At the My Healthy Future workshop, we began the process of envisaging ways in which digital technologies may provide personalised advice or signpost individuals to mental healthcare services, including digitally enabled therapies. Of course, using digital technology to deliver mental health interventions is not that novel. Recent years have seen exponential growth in the development of mHealth apps, of which almost 5% specifically focus on mental health support and management, including tools for digital cognitive behavioural therapy (CBT), mood tracking and accessing peer support groups.
Department of Health and NHS England reports published in 2015-6 highlighted the potential of digital mental health tools to enable self-care and access to reliable information, and the NHS Children and Young People’s Improving Access to Psychological Therapies Programme is proactively seeking involvement of young people in digital development. However, very few are designed specifically for young people. Bearing in mind the importance of early intervention, this suggests a significant opportunity for improvement.
The potential for digital health interventions is only expected to expand in the future given the developments in digital and data driven technologies and analytics. However, currently only a small minority of mHealth apps go through any approved evaluation process. The need to increase capacity for assessment will become more pressing as apps continue to be developed and made available to the public.
There are signs of progress - organisations such as NHS Digital, the National Institute for Health and Care Excellence (NICE) and Our Mobile Health can provide rigorous evaluation of mHealth apps, support to app developers to fulfil safety and clinical effectiveness criteria and are establishing designated libraries of trusted and evidence-based digital tools. With such reassurances, it is possible to envisage a future where mHealth apps are incorporated into routine healthcare, and where clinicians may prescribe or at least recommend digitally enabled therapies alongside other treatments for people with mental health disorders.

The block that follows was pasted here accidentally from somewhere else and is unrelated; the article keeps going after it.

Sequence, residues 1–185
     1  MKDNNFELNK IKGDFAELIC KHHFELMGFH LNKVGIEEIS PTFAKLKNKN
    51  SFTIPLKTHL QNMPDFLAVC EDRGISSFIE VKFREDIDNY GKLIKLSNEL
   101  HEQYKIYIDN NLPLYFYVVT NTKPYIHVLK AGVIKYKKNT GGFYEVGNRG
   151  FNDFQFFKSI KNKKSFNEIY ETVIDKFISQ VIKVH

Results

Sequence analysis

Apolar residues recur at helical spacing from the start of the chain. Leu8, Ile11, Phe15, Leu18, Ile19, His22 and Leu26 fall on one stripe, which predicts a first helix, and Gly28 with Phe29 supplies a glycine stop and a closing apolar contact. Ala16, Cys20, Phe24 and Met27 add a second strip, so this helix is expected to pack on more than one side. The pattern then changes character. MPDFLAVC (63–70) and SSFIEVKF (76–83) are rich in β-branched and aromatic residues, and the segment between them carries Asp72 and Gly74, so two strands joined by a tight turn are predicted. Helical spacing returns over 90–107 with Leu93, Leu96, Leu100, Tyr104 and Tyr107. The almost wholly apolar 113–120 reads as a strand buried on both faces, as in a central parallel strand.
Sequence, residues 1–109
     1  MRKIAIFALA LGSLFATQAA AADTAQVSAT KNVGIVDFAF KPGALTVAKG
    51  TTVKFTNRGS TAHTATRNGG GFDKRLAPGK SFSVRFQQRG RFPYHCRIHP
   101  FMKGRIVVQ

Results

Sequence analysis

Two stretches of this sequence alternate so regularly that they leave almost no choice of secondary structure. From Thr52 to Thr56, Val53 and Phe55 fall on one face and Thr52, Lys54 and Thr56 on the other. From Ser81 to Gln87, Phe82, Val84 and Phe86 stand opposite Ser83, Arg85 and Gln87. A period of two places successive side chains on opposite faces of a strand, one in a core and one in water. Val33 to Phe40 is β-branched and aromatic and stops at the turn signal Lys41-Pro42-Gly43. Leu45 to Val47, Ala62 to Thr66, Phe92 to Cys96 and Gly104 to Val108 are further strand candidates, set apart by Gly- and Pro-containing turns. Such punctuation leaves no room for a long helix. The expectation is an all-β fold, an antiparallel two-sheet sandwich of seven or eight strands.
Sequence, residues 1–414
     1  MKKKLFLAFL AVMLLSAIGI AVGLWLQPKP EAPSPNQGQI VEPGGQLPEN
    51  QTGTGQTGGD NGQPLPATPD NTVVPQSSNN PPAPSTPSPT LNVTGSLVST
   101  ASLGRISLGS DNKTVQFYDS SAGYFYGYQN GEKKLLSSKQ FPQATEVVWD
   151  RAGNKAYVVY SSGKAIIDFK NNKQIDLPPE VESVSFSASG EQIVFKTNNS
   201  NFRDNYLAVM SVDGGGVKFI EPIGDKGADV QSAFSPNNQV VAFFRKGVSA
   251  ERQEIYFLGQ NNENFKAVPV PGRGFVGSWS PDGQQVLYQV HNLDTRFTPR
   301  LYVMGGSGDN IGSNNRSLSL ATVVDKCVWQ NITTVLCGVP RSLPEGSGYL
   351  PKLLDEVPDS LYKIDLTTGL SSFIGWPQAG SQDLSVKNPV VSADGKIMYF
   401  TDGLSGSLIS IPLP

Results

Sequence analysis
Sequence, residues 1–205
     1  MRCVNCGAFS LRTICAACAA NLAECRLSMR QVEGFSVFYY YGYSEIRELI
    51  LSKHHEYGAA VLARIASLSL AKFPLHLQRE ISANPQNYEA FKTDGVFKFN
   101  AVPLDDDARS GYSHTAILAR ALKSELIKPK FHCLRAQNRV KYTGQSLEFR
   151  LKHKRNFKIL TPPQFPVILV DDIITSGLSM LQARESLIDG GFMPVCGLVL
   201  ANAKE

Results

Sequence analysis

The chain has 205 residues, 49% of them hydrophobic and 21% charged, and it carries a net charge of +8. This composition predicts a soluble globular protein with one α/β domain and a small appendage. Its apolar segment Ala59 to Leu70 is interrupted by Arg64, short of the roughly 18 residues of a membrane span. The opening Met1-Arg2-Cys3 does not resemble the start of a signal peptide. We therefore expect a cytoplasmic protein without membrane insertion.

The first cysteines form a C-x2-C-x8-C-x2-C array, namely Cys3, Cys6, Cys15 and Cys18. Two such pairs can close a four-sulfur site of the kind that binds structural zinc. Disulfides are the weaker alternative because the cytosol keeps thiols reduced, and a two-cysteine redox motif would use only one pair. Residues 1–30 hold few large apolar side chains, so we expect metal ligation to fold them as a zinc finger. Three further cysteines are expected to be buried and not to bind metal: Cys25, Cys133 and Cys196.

Technology is developing at a rapid pace, but as well as the opportunities to support and improve mental health, the growing use of digital technologies may also negatively impact on mental wellbeing.
Participants reflected on the value of sympathetic and face-to-face interactions with trained healthcare professionals to get a complete picture of underlying factors and to get a handle on any vulnerability issues that may take more in-depth probing to identify. While some people may well value the anonymity that, for example, chatbots can provide, and be encouraged by their accessibility to seek help, overreliance on technology may contribute to a sense of social isolation.
Digital technologies alone cannot provide adequate intervention in all cases and, for some, may not be part of the solution at all. For example, their ubiquity should not be equated with accessibility. However, in the future, alongside other interventions, clinical assessment and supervision, they may increasingly assist in the early diagnosis and treatment of mental health disorders in young people, empower young people to self-care, and help to improve the long-term mental wellbeing of young people into adulthood.
Find out more about our My Healthy Future project here